This time Jonah does what God says.  He walks across the great city of his enemy crying out, “Forty days more, and Nineveh shall be overthrown.”  You can just imagine him them eagerly getting up each day and counting off the days to Nineveh’s destruction: “40, 39, 38, 37.”  But before he can complete the countdown, the king orders the people and animals to be covered with sackcloth and for everyone to turn from “their evil ways and the violence that is in their hands.”  “Who knows? The king later says.  “the God of the Israelites may relent and change his mind; he may turn from his fierce anger, so that we do not perish.” 

And then there is another great surprise. God does change God’s mind: the people of Nineveh are spared.

At this point, you would think Jonah would be ecstatic.  You would think he would be racing to the Temple to thank God for God graciously giving Jonah a second chance to carry out his assignment.  You would think that he would be grateful to God for protecting him while he was walking across the city of his enemy yelling out that they all had to repent.  You would think that he was be singing praise to God that his little speech had caused the people of Nineveh to repent.

But no – not Jonah.  Jonah is not thankful or joyful or awed.  Instead, he is…angry.  And he is not just a little angry.  The Hebrew suggests that he is “burning with anger.”  Why?  Because God is a “gracious God and merciful, slow to anger, and abounding in steadfast love, and ready to relent from punishing.” (4:2).  Jonah was looking forward to seeing Nineveh destroyed and now God is taking that pleasure away.

What a contrast Jonah makes to the disciples in Mark 1.  When God calls Jonah, Jonah tries to run off in the opposite direction and hide from God.  When Jesus calls these four fishermen here in Mark 1, they drop their nets and follow Jesus immediately.  It takes Jonah three chapters and a second chance before he shows up in Nineveh.  It takes the disciples only a few verses to respond to Jesus, and they do not have to be asked twice.

And yet, while Jonah may seem to be an example of how not to live as a man or woman of God, there is a lot we can learn from Jonah.  In fact, much of what we learn from Jonah is what the disciples will later learn from being with Jesus.

Lesson one: There are no missions impossible when it comes to God’s missions.

Jonah seemingly has an impossible task.  Who is he but a nobody?  In contrast, the Assyrian Empire was a superpower at the time, with a stronger economic base and military prowess than any other kingdom.  And they were not believers of Israel’s God.  No wonder he fled to Tarshish.  And yet, when Jonah preaches his simple sermon, the people of Nineveh, from the king on down, repent and change.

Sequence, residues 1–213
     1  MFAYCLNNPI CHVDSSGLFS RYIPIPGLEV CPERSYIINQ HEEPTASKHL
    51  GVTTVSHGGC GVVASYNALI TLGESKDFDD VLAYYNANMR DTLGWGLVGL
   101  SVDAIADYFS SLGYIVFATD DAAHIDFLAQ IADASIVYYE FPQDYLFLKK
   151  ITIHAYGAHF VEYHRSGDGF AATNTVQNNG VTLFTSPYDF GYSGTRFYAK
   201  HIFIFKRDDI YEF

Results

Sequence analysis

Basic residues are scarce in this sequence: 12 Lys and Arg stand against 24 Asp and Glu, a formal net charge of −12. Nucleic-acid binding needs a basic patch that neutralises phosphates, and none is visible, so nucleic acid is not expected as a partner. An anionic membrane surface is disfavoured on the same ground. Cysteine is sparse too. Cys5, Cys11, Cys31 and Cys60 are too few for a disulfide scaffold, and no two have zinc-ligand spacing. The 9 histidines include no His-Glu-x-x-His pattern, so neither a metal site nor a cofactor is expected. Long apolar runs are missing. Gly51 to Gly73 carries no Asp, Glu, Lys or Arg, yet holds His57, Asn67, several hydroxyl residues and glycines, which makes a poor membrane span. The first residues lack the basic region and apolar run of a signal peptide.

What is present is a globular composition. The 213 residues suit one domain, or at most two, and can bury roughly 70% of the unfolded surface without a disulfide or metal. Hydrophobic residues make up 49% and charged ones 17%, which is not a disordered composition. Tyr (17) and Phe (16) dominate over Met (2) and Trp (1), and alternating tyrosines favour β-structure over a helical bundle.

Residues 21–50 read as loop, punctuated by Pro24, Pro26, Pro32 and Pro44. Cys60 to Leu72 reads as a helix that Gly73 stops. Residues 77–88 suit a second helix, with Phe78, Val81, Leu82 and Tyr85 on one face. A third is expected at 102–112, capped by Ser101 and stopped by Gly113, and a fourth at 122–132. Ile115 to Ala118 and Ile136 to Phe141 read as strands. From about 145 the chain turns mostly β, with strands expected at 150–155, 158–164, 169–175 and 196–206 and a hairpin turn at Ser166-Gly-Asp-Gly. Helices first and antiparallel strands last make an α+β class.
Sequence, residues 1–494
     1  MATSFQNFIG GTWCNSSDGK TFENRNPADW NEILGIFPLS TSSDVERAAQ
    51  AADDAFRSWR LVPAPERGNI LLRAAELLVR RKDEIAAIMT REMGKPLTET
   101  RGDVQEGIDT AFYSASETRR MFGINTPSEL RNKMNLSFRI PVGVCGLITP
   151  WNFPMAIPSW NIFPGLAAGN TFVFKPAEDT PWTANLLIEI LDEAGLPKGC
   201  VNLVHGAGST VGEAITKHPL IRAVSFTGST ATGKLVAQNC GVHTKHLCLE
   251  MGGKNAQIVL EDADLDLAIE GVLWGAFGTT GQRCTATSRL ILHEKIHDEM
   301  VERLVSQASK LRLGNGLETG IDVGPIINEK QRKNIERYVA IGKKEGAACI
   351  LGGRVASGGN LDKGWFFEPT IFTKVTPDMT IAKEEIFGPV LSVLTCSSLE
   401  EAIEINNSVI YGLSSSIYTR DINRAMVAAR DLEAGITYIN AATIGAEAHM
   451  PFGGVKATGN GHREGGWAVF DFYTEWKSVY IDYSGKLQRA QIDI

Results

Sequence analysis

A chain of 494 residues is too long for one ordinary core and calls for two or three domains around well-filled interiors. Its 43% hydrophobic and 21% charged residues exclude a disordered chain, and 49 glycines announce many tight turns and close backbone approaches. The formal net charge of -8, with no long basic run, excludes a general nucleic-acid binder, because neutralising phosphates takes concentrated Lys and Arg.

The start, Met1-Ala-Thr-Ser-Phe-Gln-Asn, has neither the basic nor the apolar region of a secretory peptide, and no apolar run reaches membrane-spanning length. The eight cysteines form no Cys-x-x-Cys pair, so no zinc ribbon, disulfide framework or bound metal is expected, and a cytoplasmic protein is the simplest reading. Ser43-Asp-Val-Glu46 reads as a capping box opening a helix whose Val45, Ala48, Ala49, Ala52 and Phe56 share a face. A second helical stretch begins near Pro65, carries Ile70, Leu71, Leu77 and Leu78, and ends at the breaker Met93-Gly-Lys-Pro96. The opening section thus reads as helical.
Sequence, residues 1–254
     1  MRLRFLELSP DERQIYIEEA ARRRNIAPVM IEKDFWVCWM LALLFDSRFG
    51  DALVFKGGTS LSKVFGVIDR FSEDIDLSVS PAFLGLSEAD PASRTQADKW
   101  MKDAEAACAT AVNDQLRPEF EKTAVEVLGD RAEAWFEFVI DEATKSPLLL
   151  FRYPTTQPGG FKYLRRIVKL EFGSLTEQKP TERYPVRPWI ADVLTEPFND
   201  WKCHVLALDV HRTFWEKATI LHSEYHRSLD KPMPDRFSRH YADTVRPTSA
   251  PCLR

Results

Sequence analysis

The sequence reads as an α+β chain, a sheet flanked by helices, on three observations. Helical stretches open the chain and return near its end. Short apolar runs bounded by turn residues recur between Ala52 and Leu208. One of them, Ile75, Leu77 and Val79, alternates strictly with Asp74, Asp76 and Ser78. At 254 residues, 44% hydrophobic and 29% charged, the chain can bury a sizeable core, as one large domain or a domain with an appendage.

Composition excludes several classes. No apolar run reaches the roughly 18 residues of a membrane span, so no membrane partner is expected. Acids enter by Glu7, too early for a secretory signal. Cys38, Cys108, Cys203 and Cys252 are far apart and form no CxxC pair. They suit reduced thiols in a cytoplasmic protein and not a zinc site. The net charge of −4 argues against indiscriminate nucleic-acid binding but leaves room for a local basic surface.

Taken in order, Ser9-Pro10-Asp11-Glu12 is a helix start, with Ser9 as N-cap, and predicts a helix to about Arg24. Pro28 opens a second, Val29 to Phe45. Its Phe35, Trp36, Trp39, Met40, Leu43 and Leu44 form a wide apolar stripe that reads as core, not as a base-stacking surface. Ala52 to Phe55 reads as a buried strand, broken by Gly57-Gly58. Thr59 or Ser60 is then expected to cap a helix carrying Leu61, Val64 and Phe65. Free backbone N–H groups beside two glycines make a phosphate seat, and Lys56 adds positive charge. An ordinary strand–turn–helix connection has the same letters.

We too can feel like we are very small and the world is very big.  One response is just to give up.  Especially when you are a Christian in North America or Europe and you see the church apparently shrinking in numbers and resources.  Or we may decide that it is too much to try to focus on communities and the “big issues,” such as poverty or injustice.  Better to concentrate on our little family or individual sphere, our happiness, and our peace.  As one person commenting on this text writes: “The world conspires to make Jonahs out of all of us.  The world beats us down and tells us that you can’t change the big picture, so just fall in line and make the best living that you can for yourself and your family.”2

But what Jonah and Jesus’ call of the disciples reminds us, is that the reign of God is at hand, even when we cannot see it.  We are small and relatively powerless, but God does not expect us to change the world by ourselves.  All we are called to do is listen and obey, to play our small role in the theater of God’s plans.  God, the playwright, alone can see how everything can fit together to work for God’s purposes.  We do our part and God will take care of the rest. 

Jonah is weak – but his words with God’s help are enough to change a people.  The church that began with these four disciples on the Sea of Galilee now consists of 2 billion people stretched across the world.  Our work is far from done, but when we are doing God’s work, nothing is futile and we are never without hope.

Lesson two: God sticks with those God has called.

Perhaps the most important verse in the whole book of Jonah is the first one we read today: “the word of the Lord came to Jonah a second time.”  How would you describe Jonah?  Stubborn?  Disobedient?  Reluctant?  Fearful?  How would you describe the God we see in action in Jonah?  Persistent.  Incredibly patient.  Gracious.  Merciful.  Jonah gives up on God, but God does not give up on Jonah.